Sex Toy Reviews

Below you’ll find all of the sex toy reviews I’ve written at Of Sex and Love. Find my opinions on vibrators, dildos, media (sex education books, porn, DVDs and erotica), bondage and BDSM gear, lingerie,  anal toyslube, massage products, and more!

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I’ve also reviewed sexual health goodies.

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Science of Sex: Female Sexual Dysfunction

May 19th, 2018

Welcome to my latest installment of Science of Sex. I’ve officially be doing these for more than a year and have more planned! If you want to check out my archives, click here. Otherwise, enjoy this month’s post!science of sex - female sexual dysfunction

Today we’re venturing into the realm of female sexual dysfunction, just what it is, and why that title might not actually be helpful.

At its heart, female sexual dysfunction is an issue with sexual functioning in a woman. This can include a number of conditions and concerns, but four of the main ones are:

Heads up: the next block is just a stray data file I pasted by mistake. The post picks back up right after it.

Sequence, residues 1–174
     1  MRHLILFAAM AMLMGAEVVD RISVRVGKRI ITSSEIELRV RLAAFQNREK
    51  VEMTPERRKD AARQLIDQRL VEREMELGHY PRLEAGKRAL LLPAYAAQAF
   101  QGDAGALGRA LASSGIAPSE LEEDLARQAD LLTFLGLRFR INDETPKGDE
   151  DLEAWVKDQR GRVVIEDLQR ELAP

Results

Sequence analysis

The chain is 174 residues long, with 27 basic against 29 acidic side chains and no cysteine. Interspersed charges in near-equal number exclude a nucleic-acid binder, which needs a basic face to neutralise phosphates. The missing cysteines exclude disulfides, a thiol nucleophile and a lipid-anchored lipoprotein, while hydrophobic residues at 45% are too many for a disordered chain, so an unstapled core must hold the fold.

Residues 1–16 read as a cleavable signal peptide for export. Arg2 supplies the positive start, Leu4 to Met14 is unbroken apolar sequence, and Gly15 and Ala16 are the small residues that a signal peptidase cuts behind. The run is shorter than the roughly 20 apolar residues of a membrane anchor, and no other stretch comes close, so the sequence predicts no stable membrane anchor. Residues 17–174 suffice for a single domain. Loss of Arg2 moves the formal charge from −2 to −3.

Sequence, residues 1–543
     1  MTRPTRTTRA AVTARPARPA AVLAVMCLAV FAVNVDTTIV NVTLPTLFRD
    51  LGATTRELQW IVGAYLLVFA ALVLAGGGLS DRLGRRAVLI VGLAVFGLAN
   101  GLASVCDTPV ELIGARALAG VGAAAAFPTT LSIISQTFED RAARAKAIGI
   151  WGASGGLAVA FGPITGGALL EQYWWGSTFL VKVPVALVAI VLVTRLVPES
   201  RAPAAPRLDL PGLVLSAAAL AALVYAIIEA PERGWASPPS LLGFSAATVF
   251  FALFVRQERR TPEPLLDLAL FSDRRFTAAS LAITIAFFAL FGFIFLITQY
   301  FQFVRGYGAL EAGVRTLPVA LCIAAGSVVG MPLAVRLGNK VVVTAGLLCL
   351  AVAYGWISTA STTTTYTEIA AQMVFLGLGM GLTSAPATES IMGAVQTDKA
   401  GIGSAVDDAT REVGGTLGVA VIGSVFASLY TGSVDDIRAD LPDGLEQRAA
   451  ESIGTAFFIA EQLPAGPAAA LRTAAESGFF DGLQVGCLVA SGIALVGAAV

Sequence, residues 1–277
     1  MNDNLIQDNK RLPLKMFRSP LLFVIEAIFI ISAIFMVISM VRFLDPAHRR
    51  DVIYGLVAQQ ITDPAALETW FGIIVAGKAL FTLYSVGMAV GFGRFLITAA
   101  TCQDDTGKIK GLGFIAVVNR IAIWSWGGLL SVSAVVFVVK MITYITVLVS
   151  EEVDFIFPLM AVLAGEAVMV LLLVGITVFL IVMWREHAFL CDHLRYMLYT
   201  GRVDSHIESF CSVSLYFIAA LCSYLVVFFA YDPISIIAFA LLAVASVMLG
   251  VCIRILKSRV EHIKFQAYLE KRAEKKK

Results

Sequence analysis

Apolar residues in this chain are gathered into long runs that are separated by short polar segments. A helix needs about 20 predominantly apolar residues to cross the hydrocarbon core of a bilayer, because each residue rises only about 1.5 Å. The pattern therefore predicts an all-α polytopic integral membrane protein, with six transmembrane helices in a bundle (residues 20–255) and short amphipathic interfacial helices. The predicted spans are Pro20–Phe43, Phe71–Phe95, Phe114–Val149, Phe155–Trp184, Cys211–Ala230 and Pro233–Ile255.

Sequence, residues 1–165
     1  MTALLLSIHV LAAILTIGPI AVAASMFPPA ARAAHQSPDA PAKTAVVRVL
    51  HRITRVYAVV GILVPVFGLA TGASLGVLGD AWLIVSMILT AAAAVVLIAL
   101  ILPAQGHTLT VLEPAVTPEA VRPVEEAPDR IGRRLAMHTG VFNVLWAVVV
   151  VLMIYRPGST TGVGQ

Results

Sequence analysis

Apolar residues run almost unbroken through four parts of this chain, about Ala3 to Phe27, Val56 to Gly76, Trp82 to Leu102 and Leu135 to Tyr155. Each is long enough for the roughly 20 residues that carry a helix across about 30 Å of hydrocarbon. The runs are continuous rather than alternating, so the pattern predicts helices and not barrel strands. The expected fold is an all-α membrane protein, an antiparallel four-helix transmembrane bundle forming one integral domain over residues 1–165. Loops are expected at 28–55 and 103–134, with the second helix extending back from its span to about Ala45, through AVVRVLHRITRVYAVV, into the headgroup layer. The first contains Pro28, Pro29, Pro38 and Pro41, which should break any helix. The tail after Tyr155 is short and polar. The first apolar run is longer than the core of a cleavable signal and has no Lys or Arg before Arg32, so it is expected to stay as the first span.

• Desire : Many women and sometimes their partners describe their lack of spontaneous desire as a dysfunction. However, studies show that women are more likely to have responsive desire than men. This is not a dysfunction as much as it is a difference in sexual function. Furthermore, some have suggested that the traditional stages of arousal may not apply as well to women whose arousal process is more cyclical. It’s also important to understand that a woman’s sexual brakes are often quite touchy (learn more about this). Finally, low desire often corresponds to relationship issues, so it’s not so much a sign of sexual dysfunction as it is one of relationship dysfunction.
  • Arousal: Female sexual dysfunction can also present as a lack of physical arousal. This highlights further incorrect assumptions or beliefs about female sexuality. First, it doesn’t take into consideration that women are much less likely to experience concordance – an alignment between mental desire and physical arousal – than men and, secondly, it ignores the variance in a woman’s natural lubrication.
  • Orgasm: Some women may describe their inability to orgasm through sexual intercourse as dysfunction, but multiple surveys have found that the majority of women need clitoral stimulation to orgasm and very few achieving orgasm solely through penetration. At least one study reports a group of women who prefer penetration/sex with their clit stim as a way to get off.